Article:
- Option 4: Check out laptop prices at local retailers like Staples, Office Max, Best Buy. Do this on-line so you don’t have to deal with pushy sales people. Compare local retail to Amazon.com laptop prices for PCs and Macs.
- Macintosh options I think look good:
- If you want to buy a new Mac, the cheapest way I’ve found is to go to Apple’s online store and look for refurbished computers. These will be one to three generations older than current models. But … they are often much cheaper than new. If you live in a city with an Apple store, buying a refurb is low risk because if you have a problem, you can schedule an appointment at the genius bar, go in, and have the Mac Geniuses fix it. If you are worried about having long term support, you can buy an Apple extended service plan and a refurbished computer for less than the purchase price of a new mac alone.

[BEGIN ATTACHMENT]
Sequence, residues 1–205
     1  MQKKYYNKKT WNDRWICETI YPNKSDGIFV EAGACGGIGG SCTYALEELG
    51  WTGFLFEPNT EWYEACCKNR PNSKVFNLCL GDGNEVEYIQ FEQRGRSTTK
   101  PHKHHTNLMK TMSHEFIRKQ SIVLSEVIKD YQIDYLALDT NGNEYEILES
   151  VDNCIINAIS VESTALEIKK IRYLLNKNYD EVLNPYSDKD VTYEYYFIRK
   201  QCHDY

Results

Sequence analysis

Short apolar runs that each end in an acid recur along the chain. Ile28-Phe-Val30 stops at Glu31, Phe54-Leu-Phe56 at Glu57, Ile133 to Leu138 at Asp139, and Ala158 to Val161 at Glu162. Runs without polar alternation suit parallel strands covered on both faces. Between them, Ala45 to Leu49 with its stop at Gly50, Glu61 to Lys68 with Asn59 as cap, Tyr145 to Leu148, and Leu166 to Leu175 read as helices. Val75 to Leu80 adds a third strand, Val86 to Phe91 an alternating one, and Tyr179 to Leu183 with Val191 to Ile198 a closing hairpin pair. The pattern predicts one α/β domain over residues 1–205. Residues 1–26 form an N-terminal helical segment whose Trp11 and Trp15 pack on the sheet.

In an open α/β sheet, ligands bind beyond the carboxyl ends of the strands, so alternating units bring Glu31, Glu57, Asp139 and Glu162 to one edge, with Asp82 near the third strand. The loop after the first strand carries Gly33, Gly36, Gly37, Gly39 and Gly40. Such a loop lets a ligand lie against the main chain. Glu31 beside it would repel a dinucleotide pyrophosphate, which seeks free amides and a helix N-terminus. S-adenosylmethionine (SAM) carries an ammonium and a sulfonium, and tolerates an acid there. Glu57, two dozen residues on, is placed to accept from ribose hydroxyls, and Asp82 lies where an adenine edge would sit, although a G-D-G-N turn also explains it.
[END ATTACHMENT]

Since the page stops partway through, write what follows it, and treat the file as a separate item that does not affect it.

- If you must have a new Mac, then look around. Portland’s Best Buy (13″ Macbook Pro for $1139) and Amazon (13″ Macbook Pro for $1,140) both often sell Macs for less than the educational price for Macs bought directly from Apple, although for the 13″ Macbook Pro, the lowest price is currently from Apple ($1,099).
- Windows options I think look good:
- Ultrabooks are a great value. Instead of buying an iPad and a laptop for school, or an iPad, a laptop, and a Kindle device, just get an ultrabook. These are from $800 to $1,500 in price, they weigh about 3 pounds, and you can carry an ultrabook in a backpack without pulling your shoulder off. Ultrabooks are also a great place to start if you want to have a wicked fast Linux machine. *Note* I have not installed any Linuxes on any Ultrabooks, but it seems like this would be a cool thing to do.
Step 2: Do not spend money on Microsoft Office or Anti Virus.